Wednesday, September 16, 2009

Business Process Management (Part-2 Business Process Modelling[Chapter IV Process Orchestrations ] ) Sec R -- By Mathias Weske

Representing Process Instances

Workflow nets cover the model level in process modelling and—by tokens—
the process instance level as well. This means that for each business process
model represented by a workflow net there can be multiple process instances
following this model. Each process instance is represented by a set of tokens
in the workflow net.
The workflow net represents a business
process in which claims are processed; the details of this process are not relevant
to introducing how process instances are represented in workflow nets.
The tokens are coloured; they contain values. If we abstract from any application
data that might be represented by tokens, each token carries at least
a process instance identifier.
Case 5 is in the initial place; it is
not yet started. Case 4 is reflected by two tokens, because it is currently on a
parallel branch. The same holds for case 3, but for case 3 the Contact Client
transition has already been conducted.


Workflow nets are a well-known technique to model business processes in an
abstract and formal way. In order to provide a formal background, especially
in the context of soundness properties which will be investigated in Chapter
6, several restrictions were introduced. Without these restrictions, formal
analysis of workflow nets would not be feasible.

Data and Conditions
Data is not explicitly represented in workflow nets. Data is only handled in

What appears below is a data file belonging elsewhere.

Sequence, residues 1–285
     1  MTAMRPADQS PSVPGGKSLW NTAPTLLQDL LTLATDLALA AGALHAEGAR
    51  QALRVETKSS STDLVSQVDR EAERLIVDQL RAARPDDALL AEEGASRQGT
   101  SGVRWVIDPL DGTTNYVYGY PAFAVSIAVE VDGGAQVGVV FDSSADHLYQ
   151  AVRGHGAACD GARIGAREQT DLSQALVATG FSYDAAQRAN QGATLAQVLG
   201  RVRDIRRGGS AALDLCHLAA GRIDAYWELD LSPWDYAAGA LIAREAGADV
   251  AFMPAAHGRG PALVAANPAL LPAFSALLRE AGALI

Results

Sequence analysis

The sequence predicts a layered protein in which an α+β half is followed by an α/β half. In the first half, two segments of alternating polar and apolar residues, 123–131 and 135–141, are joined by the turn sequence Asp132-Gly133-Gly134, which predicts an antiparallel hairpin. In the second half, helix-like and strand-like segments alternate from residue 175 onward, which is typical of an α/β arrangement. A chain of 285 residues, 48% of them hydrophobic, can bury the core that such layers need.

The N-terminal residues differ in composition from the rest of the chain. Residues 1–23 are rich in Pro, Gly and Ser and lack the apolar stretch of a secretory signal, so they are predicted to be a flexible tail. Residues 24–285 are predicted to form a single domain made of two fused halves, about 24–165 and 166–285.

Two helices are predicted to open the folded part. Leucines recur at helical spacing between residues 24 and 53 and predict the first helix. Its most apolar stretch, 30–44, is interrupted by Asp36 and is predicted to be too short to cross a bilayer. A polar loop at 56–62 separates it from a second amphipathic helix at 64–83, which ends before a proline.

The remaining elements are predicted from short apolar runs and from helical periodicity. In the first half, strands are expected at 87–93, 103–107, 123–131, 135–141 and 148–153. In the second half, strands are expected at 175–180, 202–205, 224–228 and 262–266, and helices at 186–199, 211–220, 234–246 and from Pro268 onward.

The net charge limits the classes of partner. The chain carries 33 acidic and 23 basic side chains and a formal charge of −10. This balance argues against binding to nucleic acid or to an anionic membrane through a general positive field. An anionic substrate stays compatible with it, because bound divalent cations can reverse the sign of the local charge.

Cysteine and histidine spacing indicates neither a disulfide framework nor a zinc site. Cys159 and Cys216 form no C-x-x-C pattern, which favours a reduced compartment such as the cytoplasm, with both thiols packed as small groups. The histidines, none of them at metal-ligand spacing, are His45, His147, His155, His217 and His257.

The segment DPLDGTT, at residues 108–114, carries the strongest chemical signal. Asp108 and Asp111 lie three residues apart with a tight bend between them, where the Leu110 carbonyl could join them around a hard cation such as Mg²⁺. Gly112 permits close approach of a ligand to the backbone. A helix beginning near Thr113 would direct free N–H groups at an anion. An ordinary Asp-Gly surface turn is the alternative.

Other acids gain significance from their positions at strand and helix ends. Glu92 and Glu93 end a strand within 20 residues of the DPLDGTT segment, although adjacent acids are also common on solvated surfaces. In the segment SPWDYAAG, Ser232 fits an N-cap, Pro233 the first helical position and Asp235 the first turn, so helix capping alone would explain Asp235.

an abstract way, by denoting that tokens can be coloured, but the usage of
these data structures in the process is not investigated.
While the workflow net represents the structure of a set of similar process
instances (i.e., the process model), the individual cases are represented by tokens.
Each case is represented by at least one token. In general, when the case
starts, there is one token in the source place i, and when the case completes,
there is one token in the sink place o.
The workflow management system that controls the enactment of cases
requires differentiating between the tokens that belong to different cases. A
transition t with incoming edges from places p and p0 realizes an and join.
This means that t can only be enabled when there are tokens in p and p0, and
these tokens need to belong to the same case.
Therefore, tokens need to be typed. Tokens need (at least) to include a
process instance identifier, so that t can synchronize the branches represented by p and p0 only, if these places have tokens that belong to the same case. As
a simplification often made in the context of workflow nets, each workflow net
contains tokens that belong to a single case. In this case, the tokens do not
need to be typed.
Decision transitions that realize or splits and exclusive or splits require
expressions that are evaluated for each process instance to decide which branch
to take. These decision expressions are also disregarded in workflow nets.
Decisions are abstracted from in the following way: wherever there is a
decision transition, each of the alternative branches will be taken eventually.
This assumption mirrors the non-determination of firing in traditional Petri
nets: multiple enabled transitions that share a common input place will fire
in a non deterministic fashion.
The same assumption is now in place for decision nodes in workflow nets:
each expression in a decision transition will eventually evaluate to true. When
analyzing workflow nets, this assumption is in place to detect structural errors